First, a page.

It's the new television show that is perhaps a little too relevant as abuse allegations regarding public figures are still very raw for some. But writer Jack Thorne of Channel 4's new drama, National Treasure, has rattled bones with a gripping account of a fictional household name's spectacular downfall.
Robbie Coltrane impressed critics in last week's first episode (20 September) of the new series with his performance of ageing and almost-forgotten comedian Paul Finchley. An unexpected ominous knock at the door changes his life as he knows it after he is accused of rape.
Part two of the drama – which airs tonight (27 September) at 9pm – details the demise of the much-loved personality's reputation after a second wave of allegations emerge following the reports of his initial offence.
But the question on many people's lips is: who is National Treasure based on? Could it be Jimmy Savile, or even Max Clifford? Or perhaps it's a mish-mash of all the comedians, TV presenters and public personas that have found themselves in the media storm of accusations against high-profile supposed offenders.
Discussing who he believes the show to be based on, TV producer, writer and former comedy agent Paul Duddridge gave his opinion exclusively to IBTimes UK about the show as a long-time figure in the entertainment industry.
The creator of Mothers And Daughters said: "Obviously there have been so many of these cases, that they have a wide range of entertainment professionals on whom to base Robbie Coltrane's character."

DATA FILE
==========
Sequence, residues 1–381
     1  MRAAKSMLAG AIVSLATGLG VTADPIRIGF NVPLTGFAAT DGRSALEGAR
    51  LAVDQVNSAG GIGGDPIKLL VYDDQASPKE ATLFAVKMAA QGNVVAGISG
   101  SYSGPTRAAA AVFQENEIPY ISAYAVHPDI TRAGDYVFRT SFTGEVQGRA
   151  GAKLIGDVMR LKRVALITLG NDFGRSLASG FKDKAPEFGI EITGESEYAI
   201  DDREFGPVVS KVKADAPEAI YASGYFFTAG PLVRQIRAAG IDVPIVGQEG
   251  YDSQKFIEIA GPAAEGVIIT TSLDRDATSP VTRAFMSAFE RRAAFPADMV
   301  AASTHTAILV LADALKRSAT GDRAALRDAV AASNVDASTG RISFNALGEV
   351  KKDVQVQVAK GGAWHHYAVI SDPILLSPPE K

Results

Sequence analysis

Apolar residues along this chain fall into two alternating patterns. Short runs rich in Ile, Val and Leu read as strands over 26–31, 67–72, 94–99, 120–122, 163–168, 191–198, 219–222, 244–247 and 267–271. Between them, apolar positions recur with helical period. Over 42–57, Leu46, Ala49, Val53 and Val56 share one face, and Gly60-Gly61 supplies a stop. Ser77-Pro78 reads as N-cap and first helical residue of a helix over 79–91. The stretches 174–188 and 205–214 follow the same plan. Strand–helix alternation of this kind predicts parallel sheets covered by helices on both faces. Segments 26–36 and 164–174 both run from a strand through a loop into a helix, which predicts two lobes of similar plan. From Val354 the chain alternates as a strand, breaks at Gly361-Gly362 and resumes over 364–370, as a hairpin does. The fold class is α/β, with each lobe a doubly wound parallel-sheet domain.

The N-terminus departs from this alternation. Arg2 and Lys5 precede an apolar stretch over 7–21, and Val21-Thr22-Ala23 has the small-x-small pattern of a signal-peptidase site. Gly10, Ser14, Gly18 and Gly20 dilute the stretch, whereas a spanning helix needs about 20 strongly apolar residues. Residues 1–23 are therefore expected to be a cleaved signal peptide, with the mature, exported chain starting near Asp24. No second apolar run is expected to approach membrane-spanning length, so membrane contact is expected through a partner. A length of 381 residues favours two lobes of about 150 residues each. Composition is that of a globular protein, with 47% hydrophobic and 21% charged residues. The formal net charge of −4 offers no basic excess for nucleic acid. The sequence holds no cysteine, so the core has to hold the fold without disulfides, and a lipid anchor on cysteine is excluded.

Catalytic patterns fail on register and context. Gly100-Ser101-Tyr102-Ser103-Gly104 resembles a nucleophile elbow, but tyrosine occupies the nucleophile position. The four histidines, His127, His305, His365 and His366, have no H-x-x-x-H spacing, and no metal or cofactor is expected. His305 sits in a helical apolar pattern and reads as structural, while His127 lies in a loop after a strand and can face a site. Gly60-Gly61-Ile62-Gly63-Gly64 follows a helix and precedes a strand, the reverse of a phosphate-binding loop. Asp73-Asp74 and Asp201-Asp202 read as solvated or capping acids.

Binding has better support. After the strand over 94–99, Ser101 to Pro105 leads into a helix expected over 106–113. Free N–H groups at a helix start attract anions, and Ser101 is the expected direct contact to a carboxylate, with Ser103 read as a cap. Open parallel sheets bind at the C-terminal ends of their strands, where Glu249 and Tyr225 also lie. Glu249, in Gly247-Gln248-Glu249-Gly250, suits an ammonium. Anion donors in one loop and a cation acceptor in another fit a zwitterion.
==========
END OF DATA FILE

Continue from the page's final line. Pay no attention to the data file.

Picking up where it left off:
"Some of the details of the cases in the show appear to be based on the allegations against Dave Lee Travis, Max Clifford and Freddie Starr," he added.
Duddridge also gave his take on the show's appeal. He explained: "This is exactly what great TV drama does best. They've taken a hugely topical, controversial subject, and turned it in to a three dimensional, human drama."
Duddridge went on: "As viewers we still don't know whether he committed the crimes of which he is being accused. That is such an effective way to tell this story as it reflects the public confusion and doubt when these kinds of allegations first started coming to light around five years ago."
There has been a current trend of big crime stories transformed into television series in recent times, including Making A Murderer, the two US series on the mysterious death of JonBenét Ramsey and the upcoming docudrama on Amanda Knox, which airs on Netflix this weekend.
So what does Duddridge make of television companies using these tales of intrigue for public entertainment? He thinks it is inevitable.
He said: "When huge crime stories like this happen in the real world it is likely that they will be turned in to some kind of TV or movie drama. There is a moral responsibility on the producers to be sensitive to the feelings of the victims and their families. National Treasure treads this line beautifully."
Tonight's National Treasure sees Paul and his family come to terms with the mounting allegations against him. Dee (Andrea Riseborough) confronts her former babysitter, Christina (Susan Lynch), who is now one of the star's accusers. Paul's wife Marie – played by the legendary Julie Walters – is rattled to discover she was away on the night Paul is accused of assaulting Christina. Paul then gives a radio interview, determined to give his side of the story.
Watch National Treasure at 9pm on BBC1 tonight (27 September).